I thank Callum, and make my way back to the Visitor Centre. Given the open day bottling, Distillery Exclusive Single Cask and Victoriana are all open to taste I get a slightly surprised look when I ask if it’s possible to try the Double Cask, but the lady behind the desk kindly furnishes me with a sample, and I retreat to my quiet corner to make my obligatory note on the distillery’s signature expression.

Glen Scotia Double Cask – Spirity notes first to jump out of the glass – still a little young, perhaps a smidge of feint. Lots of juicy
berry fruit quickly follows though, with touches of vanilla. Mid-prominent nose – certainly don’t have to look too hard for it! Nice element of savoury/farmyard in the background too. A peppery palate initially – slightly less complex than the nose. Alcohol making itself known. Sweet fruit in behind – cooked apples moving towards a touch of sultana. Light to medium bodied. I’d be interested to try this without the PX. Strikes me as a potential aperitif whisky looking to dress up as something else. Interesting though – one to look out for. 46% ABV.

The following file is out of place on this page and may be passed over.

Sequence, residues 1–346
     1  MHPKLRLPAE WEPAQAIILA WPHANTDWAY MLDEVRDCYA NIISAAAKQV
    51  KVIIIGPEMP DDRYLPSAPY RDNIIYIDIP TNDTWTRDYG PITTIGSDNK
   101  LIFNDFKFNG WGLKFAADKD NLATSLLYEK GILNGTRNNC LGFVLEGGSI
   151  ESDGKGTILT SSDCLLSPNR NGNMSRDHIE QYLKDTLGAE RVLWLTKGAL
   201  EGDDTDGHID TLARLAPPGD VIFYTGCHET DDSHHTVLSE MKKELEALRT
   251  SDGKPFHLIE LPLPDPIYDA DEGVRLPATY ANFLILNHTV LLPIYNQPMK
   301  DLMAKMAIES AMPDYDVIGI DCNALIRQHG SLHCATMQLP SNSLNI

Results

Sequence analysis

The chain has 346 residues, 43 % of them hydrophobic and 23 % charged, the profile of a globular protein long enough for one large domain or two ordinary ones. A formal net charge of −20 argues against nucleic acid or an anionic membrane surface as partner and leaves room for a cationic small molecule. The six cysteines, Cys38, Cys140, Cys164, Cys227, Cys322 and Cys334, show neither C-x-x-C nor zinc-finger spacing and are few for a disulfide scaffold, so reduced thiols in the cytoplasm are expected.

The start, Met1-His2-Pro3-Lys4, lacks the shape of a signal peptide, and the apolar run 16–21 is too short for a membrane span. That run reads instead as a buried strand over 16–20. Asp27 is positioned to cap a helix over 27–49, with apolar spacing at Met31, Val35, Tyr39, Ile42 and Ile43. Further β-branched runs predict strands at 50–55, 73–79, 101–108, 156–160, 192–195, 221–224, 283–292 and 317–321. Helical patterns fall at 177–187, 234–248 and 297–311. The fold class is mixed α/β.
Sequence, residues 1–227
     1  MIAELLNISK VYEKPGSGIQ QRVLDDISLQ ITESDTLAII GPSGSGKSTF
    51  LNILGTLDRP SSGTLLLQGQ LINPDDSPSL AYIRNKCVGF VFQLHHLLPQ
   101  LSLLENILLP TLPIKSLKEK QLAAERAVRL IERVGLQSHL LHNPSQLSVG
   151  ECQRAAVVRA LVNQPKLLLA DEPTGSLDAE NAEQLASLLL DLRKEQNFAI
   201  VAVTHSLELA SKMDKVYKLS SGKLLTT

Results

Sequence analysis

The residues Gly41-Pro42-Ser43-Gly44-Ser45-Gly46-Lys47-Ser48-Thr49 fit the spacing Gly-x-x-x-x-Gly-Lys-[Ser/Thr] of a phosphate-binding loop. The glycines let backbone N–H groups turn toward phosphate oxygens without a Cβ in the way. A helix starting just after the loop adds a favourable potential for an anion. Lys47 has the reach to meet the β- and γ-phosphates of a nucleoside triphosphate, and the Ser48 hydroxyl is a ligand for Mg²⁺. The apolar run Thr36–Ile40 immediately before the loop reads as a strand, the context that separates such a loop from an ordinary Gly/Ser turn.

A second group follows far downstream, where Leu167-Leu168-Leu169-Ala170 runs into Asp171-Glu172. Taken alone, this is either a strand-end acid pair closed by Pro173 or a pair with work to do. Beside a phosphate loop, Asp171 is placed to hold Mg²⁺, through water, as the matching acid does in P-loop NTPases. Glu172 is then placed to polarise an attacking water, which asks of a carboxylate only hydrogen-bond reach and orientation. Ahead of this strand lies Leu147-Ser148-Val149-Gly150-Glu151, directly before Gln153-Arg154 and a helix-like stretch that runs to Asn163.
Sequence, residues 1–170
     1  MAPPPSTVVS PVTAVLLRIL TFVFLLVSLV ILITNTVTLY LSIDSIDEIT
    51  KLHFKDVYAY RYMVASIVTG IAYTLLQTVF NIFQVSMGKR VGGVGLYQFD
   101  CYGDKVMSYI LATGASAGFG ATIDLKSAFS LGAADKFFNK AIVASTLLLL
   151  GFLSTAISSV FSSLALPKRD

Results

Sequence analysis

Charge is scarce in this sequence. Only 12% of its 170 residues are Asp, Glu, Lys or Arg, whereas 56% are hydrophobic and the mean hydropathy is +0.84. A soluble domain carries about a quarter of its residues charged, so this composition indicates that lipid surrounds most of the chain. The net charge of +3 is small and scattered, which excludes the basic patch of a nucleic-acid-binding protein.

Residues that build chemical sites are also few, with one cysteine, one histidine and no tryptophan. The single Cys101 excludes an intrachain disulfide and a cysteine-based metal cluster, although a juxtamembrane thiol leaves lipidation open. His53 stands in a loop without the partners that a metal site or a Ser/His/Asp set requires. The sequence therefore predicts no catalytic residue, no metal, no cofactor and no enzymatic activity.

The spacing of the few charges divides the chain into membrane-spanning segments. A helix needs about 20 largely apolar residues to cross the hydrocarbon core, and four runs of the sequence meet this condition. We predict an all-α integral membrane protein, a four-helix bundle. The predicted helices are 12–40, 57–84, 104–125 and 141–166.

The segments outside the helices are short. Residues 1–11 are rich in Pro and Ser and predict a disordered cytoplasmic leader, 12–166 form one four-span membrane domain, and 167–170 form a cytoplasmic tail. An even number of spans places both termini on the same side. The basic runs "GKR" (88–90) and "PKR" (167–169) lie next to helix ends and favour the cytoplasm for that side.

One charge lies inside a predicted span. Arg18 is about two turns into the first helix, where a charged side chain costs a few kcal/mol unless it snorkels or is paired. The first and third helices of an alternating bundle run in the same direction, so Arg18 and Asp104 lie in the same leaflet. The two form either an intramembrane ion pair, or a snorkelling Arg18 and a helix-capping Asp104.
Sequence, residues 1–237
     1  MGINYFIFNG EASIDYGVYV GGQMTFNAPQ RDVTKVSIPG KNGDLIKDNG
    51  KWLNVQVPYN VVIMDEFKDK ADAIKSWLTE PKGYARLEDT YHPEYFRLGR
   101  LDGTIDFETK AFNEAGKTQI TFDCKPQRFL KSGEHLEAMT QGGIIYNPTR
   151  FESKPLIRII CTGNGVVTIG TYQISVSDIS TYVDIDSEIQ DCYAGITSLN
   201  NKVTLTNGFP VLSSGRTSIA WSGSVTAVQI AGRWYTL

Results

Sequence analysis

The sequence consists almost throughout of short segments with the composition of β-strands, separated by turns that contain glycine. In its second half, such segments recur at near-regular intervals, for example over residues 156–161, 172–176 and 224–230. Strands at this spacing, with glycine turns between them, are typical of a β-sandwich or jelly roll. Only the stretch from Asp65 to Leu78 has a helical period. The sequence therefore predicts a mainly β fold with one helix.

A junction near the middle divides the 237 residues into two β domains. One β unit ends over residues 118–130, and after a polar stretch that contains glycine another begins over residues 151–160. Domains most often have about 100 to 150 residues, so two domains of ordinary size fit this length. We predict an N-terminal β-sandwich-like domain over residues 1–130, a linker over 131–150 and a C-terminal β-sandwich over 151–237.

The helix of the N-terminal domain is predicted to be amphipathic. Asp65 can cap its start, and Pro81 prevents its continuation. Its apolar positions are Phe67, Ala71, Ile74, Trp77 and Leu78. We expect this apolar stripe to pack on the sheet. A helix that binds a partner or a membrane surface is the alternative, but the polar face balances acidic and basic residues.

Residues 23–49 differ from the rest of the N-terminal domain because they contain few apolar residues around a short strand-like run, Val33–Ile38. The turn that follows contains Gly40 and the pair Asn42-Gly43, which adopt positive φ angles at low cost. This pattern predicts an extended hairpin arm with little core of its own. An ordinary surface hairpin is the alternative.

My Glen Scotia experience has certainly lived up to expectations. I’m resolved to look out for the 15 year old, which was the only one of their core range I didn’t try today. I’m billeting in Campbeltown for the night, so I grab my bag from the car and dump it on a bed in the backpacker’s hostel, before making my way out again. I return to the pub I had lunch in, where I bump into Callum and talk whisky with him for a few minutes, then grab a pew to watch the Europa League final. Whilst Liverpool’s second half collapses about them I find myself chatting to a terrific bloke called Robert, who’s in Campbeltown on business but has wisely taken the opportunity to make his way to Glen Scotia, and has even picked up their open day bottling. Since he’s here on expenses he very generously covers my two pints, and we natter away whilst Sevilla storm to victory. Oh well, there’s always next year. No, wait, hang on...